90 percent of firefighters exhibit symptoms of PTSD: researchers

February 23, 2012

A new study on the prevalence of Post Traumatic Stress Disorder (PTSD) among firefighters in Israel indicates that approximately 90 percent show some form of full or partial symptoms.

According to the study by Ben-Gurion University of the Negev's Dr. Marc Lougassi, a firefighter himself, 24 percent of active firefighters in Israel suffer from full PTSD, 67 percent display partial PTSD while only nine percent showed no symptoms.

PTSD can occur after exposure to serious injury to oneself or another, or another's death and then result in recurring such as nightmares, trouble sleeping and other difficulties for over a month.

According to Dr. Lougassi, "Professional firefighters are frequently exposed to during their work in emergency situations. In addition to the physical challenges of firefighting, they must evacuate burned and injured victims or bodies. Their involvement in traumatic events exposes them not only to the pressures stemming from the traumatic event itself, but also to post-traumatic that result in secondary traumatization."

"As far as Israeli firefighters are concerned, there has been no documented evidence of PTSD prevalence, despite the fact that they are exposed to additional traumas such as war and terror strikes," says Lougassi about the first of its kind study.

Approximately 342 active firefighters were recruited for this study, from all age groups, marital statuses (single, married, divorced), educational backgrounds, seniority levels (over two years), roles (firefighter, crew leader, officer, service commander, etc.). Firefighters with a psychiatric background, head injuries ( and neurological disturbances), in psychiatric and/or , with and those taking medications on a regular basis were excluded from the sample.

An additional 42 firefighters from flight firefighting services at Ben-Gurion Airport constituted the control group, since firefighters are not exposed to similar events. Only five percent of the control group showed signs of PTSD.

"These results support the hypothesis that increased exposure to recurring traumatizing events is a significant factor contributing to PTSD development," according to Lougassi.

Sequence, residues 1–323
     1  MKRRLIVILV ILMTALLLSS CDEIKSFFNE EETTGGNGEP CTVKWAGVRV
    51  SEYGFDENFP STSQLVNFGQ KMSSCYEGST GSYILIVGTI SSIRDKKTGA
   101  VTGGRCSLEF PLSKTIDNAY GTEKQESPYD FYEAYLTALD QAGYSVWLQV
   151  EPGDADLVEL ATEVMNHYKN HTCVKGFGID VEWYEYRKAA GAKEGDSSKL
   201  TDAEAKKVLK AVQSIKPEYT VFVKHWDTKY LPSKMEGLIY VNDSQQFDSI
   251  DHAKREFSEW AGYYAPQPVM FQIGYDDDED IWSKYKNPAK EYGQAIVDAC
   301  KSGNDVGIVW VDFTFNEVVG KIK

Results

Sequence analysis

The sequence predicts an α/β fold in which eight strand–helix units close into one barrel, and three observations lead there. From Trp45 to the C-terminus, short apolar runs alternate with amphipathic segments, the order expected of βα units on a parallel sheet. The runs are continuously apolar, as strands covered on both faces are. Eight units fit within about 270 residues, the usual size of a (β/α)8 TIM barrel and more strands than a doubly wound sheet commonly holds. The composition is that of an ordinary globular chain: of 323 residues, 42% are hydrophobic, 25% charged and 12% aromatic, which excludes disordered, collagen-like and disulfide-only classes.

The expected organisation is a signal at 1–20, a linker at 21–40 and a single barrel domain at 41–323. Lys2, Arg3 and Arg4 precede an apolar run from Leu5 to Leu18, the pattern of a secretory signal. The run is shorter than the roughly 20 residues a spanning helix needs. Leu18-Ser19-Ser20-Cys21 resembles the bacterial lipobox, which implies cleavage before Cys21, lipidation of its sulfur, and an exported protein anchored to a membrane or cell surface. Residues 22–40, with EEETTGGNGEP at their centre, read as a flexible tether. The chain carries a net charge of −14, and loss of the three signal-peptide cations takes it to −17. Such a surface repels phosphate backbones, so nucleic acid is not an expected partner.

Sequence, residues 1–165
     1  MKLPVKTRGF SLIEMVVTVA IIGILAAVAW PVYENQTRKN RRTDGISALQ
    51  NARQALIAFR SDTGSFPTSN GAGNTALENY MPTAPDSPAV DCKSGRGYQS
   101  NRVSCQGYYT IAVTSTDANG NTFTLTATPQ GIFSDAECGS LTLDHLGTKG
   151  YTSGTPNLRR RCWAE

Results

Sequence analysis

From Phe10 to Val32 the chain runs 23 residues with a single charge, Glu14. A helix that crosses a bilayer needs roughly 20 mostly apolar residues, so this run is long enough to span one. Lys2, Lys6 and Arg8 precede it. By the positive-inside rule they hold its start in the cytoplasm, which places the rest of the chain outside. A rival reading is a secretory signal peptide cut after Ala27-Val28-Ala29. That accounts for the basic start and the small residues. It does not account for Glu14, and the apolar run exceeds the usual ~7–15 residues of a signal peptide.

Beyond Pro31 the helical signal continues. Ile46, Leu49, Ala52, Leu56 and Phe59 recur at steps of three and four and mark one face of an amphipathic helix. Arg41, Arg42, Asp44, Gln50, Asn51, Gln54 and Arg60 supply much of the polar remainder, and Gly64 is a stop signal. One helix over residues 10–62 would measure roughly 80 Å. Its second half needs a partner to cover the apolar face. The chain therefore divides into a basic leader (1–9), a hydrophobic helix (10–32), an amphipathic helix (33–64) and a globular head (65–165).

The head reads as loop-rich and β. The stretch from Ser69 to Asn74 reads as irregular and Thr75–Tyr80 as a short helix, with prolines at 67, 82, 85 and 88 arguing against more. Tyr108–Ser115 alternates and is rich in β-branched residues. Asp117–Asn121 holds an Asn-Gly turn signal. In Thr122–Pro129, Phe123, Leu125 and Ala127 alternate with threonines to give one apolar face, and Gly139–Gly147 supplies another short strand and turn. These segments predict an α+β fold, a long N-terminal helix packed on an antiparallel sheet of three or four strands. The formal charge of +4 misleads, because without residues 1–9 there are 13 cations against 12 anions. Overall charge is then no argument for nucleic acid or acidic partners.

"The findings of this study can help researchers and the Israeli Firefighting Service improve the firefighters' abilities to cope with extended exposure to traumatizing events through professional intervention programs," he suggests.

"Moreover, these results can help the Israeli Firefighting Services develop appropriate screening tools to be used during the recruiting process of new firefighters, in order to assure their future psychological safety."

Explore further: Reduced recognition of fear and sadness in post-traumatic stress disorder

Related Stories

9/11 leaves a legacy of psychiatric trauma, stress

August 29, 2011

The September 11 terror strikes left American psychiatrists a lasting legacy of unexpected size: thousands of people living and struggling with post-traumatic stress disorder, 10 years on.

Recommended for you

The birth of politics in children—the case of dominance

September 26, 2016

As they grow up, do children become young Robin Hoods? Depending on their age, they do not allocate resources in the same way between dominant and subordinate individuals. Thus a tendency towards egalitarianism develops and ...

Oxytocin enhances spirituality, new study says

September 21, 2016

Oxytocin has been dubbed the "love hormone" for its role promoting social bonding, altruism and more. Now new research from Duke University suggests the hormone may also support spirituality.

Study reveals a biological link between stress and obesity

September 21, 2016

Metabolic and anxiety-related disorders both pose a significant healthcare burden, and are in the spotlight of contemporary research and therapeutic efforts. Although intuitively we assume that these two phenomena overlap, ...

0 comments

Please sign in to add a comment. Registration is free, and takes less than a minute. Read more

Click here to reset your password.
Sign in to get notified via email when new comments are made.